With multiple events and multiple opportunities for involvement, triathlon continues its growth. USA Triathlon, the national governing body, is at the vanguard of the multisport movement. What follows is a review of its most important initiatives affecting event owners and destinations.
NCAA Championship Status
As of February 2020, 35 colleges and universities across the country were sponsoring women’s triathlon as a varsity sport. USA Triathlon needs to recruit at least 40 varsity programs by 2024 in order to achieve full-fledged NCAA Championship Sport status. In fact, we have added 27 programs since January of 2017, making triathlon the sixth-most-added varsity sport by colleges and universities overall during that timeframe.
USA Triathlon’s goal is to reach the 40-school mark by the end of 2020. We are having conversations with 20 schools that are very interested in adding the sport, so we believe the milestone is achievable. Once women’s triathlon earns championship status, the NCAA’s Championship Sport office will take over the management of the championship calendar, though USA Triathlon will continue to play a role in the recruitment of new programs.
Presently, USA Triathlon has several strategies for recruiting schools to add varsity women’s triathlon. We present to collegiate conferences, athletic directors and coaches at conferences and symposiums across the country. Specifically, the NCAA Convention is a huge opportunity for us to get in front of many institutions at once, network and make connections.
We work with USA Triathlon members — especially those who are faculty, staff or athletic coaches at colleges and universities — who are interested in helping us with the effort by introducing us to university leadership through their personal and professional connections. We reach out directly to colleges and universities that might be a good fit to receive our USA Triathlon Foundation Women’s Emerging Sport Grant. We’ve even hosted athletic directors at U.S.-hosted collegiate and elite triathlon events to give them a better understanding of the sport, especially the draft-legal racing format.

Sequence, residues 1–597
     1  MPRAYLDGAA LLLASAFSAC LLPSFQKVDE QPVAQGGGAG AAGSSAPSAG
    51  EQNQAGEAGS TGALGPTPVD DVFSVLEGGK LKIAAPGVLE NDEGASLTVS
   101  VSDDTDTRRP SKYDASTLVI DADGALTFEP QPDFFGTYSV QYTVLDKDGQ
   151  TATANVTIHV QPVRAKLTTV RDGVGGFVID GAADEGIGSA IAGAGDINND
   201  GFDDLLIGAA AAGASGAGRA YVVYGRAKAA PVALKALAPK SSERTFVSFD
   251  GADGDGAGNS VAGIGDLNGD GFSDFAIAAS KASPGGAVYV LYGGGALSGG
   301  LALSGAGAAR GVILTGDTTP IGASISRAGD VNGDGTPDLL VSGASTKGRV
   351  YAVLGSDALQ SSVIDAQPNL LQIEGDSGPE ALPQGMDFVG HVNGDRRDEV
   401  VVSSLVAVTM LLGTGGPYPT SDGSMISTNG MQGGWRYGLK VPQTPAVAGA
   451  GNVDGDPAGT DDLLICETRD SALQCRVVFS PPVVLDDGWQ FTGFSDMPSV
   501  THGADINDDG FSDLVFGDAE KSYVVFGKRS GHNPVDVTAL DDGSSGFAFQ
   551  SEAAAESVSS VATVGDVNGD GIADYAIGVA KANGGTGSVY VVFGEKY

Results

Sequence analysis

In addition, we assist current varsity programs with their recruitment efforts by hosting high school triathlon combines, working with national federations of other countries to reach international athletes, etc. Once triathlon becomes a championship sport, it will be eligible for points toward the Directors’ Cup — awarded annually to the nation’s best overall collegiate athletics program. For athletic directors and departments that are competitive in the Directors’ Cup, this is a major draw. These are just a few examples, but we are always looking for new opportunities to get in front of potential schools with the emerging sport opportunity.
One of USA Triathlon’s key strategies is to recruit schools within close proximity to each other to build the movement regionally. We are seeing significant growth in areas of the country where the sport of triathlon as a whole is strong, such as in the Mideast (Mid-Atlantic) region. The women’s collegiate triathlon schedule currently features three qualifiers and the National Championships — but many schools also host regional invitationals or coordinate with nearby schools to race each other at local USA Triathlon-sanctioned events. This helps schools to cut costs on travel while still competing regularly throughout the fall season.
The Growth of Triathlon as a Whole
USA Triathlon has used its Time to Tri initiative, as well as the #DreamingSeason campaign publicized this year. Through the Time to Tri Virtual Triathlon (the world’s first entirely online swim, bike and run event, held in November 2019), we were able to connect triathletes of all skill levels and experiences, both able-bodied and paratriathletes. We had involvement from elite athletes like Katie Zaferes, Melissa Stockwell, Allysa Seely and Tamara Gorman, to members of USA Triathlon’s amateur Team USA, to age group triathletes who compete once or twice a year, to hundreds of people completely new to the sport.
Race directors, coaches, club leaders, and brands and retailers from across the country have made pledges to help tackle some of the sport’s barriers to entry, including providing free SwimSafe clinics, offering free triathlon races for kids, and giving away or discounting gear and equipment.